What led mathematicians to take this position? The story of zero is part of what led us here. Looking at zero in isolation can lead to disorientation, existential anxiety, or perhaps even terror (a box that contains zero cookies also contains zero monsters and hence is only one small step away from containing one monster). But this just shows that looking at zero in isolation is the wrong way to look at it. Instead of focussing on zero on its own, one should look at how zero interacts with other numbers via the familiar operations of addition and multiplication. Once we figure out how to extend these operations on positive integers to allow 0 to participate, we have a well-defined game, even if the precise nature of this new piece, this 0, is initially obscure. As we play the game and get comfortable using zero, questions of its “essential nature” recede in importance or even become meaningless. A pure mathematician getting derailed by the question “What is zero?” would be like a chess player getting derailed by the question “What is a pawn?” The rules of chess tell us what pawns do, and what a pawn does in a sense is what a pawn is. As long as our rules are consistent, they constitute a game, and one gets good at the game by playing it. Likewise, with math, as long as our assumptions are logically consistent, our system of assumptions becomes about something, namely, ghostly creatures of the mind that satisfy those assumptions by definition. The way one gets a feeling for those ghosts is by interacting with them in some suitable arena-in-the-mind. Then these constructs become enlivened, and one begins to get a sense of what they are, not as a prerequisite for reasoning about them, but in the course of living with them, as a young child lives with milk, beds, and houses.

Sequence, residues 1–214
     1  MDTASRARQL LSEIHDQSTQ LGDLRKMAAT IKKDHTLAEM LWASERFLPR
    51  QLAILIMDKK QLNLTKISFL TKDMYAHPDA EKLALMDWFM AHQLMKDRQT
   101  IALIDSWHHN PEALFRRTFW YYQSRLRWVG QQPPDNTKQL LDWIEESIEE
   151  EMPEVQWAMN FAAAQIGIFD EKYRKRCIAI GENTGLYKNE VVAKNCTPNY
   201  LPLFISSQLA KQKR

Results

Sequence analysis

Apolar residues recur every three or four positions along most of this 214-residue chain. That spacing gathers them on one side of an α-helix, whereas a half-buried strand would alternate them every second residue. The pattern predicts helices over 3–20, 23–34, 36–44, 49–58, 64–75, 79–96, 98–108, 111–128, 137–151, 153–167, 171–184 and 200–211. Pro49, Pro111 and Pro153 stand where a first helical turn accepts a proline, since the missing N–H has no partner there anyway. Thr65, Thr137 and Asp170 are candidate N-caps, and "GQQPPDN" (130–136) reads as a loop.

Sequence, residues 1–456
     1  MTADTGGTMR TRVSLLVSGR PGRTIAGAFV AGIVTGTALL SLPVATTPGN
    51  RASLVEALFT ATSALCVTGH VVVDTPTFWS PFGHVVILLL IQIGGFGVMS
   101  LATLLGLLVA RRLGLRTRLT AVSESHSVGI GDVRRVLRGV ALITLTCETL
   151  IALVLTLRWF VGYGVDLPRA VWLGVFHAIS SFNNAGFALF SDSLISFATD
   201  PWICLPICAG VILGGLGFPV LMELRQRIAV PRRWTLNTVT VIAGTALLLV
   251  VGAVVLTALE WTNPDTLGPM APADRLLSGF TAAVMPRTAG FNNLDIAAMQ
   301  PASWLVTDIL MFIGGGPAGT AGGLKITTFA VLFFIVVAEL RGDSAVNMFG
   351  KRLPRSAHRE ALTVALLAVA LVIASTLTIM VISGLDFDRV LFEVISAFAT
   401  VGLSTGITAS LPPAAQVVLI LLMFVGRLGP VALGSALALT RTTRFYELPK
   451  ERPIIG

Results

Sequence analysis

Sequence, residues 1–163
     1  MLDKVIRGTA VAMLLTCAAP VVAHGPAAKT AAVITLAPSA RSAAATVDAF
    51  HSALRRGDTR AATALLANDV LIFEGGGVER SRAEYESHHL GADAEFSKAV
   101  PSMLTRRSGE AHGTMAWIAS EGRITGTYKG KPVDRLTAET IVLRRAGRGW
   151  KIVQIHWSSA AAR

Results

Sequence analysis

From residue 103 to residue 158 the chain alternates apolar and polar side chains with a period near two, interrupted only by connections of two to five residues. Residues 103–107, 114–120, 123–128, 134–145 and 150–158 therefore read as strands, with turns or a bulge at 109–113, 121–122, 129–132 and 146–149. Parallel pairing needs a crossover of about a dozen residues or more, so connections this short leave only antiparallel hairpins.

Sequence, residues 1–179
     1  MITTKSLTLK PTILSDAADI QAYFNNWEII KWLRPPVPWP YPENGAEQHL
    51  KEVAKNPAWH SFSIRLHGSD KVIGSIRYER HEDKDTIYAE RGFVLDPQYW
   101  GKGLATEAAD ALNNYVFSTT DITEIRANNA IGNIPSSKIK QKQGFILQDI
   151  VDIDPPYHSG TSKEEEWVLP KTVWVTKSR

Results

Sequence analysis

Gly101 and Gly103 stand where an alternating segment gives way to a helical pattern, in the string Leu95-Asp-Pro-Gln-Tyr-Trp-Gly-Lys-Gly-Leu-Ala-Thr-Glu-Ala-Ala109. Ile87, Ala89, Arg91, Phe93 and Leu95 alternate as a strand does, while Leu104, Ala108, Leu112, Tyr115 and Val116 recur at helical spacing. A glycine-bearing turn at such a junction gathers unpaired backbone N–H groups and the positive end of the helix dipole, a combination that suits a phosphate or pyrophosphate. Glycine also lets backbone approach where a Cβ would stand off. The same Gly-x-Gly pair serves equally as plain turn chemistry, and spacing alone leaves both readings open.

What I’m describing here is the operational view of zero that situates zero within a number system and defines its ontology relationally. In this setting zero is the amalgam of all the properties it enjoys, like 0+1=1 and 0×1=0. And how is 1 defined? In the same relational fashion, as the amalgam of all its properties. Philosophically this might seem like a vicious circle, defining numbers in terms of properties that relate them to other numbers. But maybe the lesson here is that a strictly linear metaphysics can’t do justice to situations in which relations between entities are the most interesting thing about them and the ontology of individual entities is both baffling and irrelevant.

I believe I once read a book, whose author and title I no longer recall, that credited some late medieval (or maybe Renaissance) magician-alchemist-mathematician for the operational view of numbers. Specifically, John Dee or Nicolas of Cusa or someone like that claimed that only God can truly know numbers, so that we humans should focus on how to calculate with numbers and leave the metaphysics to God. If any of you know what magician (and what book) I’m recalling, please let me know! That magician’s advocacy of the operational approach to Number opened the door to all sorts of new number systems, and ironically allowed human mathematicians to usurp some of the Divine power to create things out of nothing.